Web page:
Yellow Split Pea Cake – Not My Typical Dessert

When Josh and I were driving from Georgia to Wisconsin, we made a strange caravan. I led in Josh’s old Toyota Echo, our chinchilla Jimmy Stewart in a cage on the passenger seat next to me. Josh followed behind in a 16-foot moving truck. I was responsible for navigation and ensuring that I didn’t drive too fast for the moving truck’s capacity, although when we were going through the mountains in Tennessee the truck was able to move much more quickly than the Echo. Throughout the two-day winter drive, in which we traveled identical but solo routes, we did share one thing: listening to non-stop NPR. This included (my mom will be happy to hear) two repeated hours of Garrison Keillor, the first when we were still in Eastern time, and the second identical hour once we had passed into Central time.

We also both listened to an interview with the authors of The Cultural Revolution Cookbook. Maybe it was the increasingly cold air swirling at our ankles or the bird-like hooting of the chinchilla, or the shaking of the moving truck in the winds of Southern Illinois, but we both latched onto the descriptions of slowly braised pork and simple recipes with basic ingredients made flavorful and wholesome. As we hunched over sandwiches at a Subway attached to a gas station, we sipped caffeinated beverages and said, “Yeah, that book sounds good,” and “Yeah, pork.”

We were tired. And the chinchilla was waiting.

The cookbook has yielded some delicious wok-based dinners that we’ve greatly enjoyed, but until tonight, we hadn’t attempted any desserts. I like the desserts I’ve had in Chinese restaurants (red bean paste, I’m looking at you) and I was intrigued by the recipe for Yellow Split Pea Cake at the back of the book. With only four ingredients (peas, sugar, water, and gelatin) it seemed easy enough to make.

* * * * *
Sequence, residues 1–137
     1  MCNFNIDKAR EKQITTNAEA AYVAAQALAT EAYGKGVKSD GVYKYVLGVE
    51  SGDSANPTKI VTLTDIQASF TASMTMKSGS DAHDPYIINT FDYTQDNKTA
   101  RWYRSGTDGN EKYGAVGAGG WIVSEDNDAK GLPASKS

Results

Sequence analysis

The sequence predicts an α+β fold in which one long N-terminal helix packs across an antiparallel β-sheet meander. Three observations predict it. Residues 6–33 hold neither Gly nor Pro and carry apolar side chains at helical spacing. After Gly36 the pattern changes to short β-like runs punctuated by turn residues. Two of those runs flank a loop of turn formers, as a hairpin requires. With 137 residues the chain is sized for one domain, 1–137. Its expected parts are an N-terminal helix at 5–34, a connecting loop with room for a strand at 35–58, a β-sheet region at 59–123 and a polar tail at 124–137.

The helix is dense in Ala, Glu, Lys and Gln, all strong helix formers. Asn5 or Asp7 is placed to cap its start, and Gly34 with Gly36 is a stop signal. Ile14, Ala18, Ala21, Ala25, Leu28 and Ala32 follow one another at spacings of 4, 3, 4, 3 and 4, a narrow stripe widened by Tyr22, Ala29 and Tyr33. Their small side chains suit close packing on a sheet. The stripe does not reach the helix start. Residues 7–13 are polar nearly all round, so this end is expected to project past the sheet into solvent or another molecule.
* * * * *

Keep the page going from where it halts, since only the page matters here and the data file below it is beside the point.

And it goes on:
Not how most of my cakes begin.

Not how most of my cakes begin.

First, I cooked the peas in sugared water, then dissolved the gelatin and mixed it in. Simple as that. A quick puree in the food processor, and the “cake” (really more of a gelatin or paste) was ready to firm up in the fridge. After a dinner of braised beef in soy sauce (from the same cookbook), the cake was ready to slice.

Just like a lemon meringue pie.

Just like a lemon meringue pie.

The cake was delicious. The texture is exactly like the filling of a red bean bun in a dim sum restaurant. The flavor is sweet, but not too sweet, and sumptuous with the peas adding a depth and a heartiness that usually I don’t associated with desserts. If you look closely at the picture above, you can see that there’s a layer of not very chopped up peas at the bottom of the cake. I should have processed the mixture in the food processor longer (or tried a blender, maybe, or some other way of puree-ing the whole deal until it was silky smooth). This is the only hiccup in the cake, as chewing through peas at the bottom of a cake is, shall we say, not so appetizing.

I would definitely make this again, though, and I’d recommend The Cultural Revolution Cookbook to anyone with a wok and some curiosity about traditional Chinese food.

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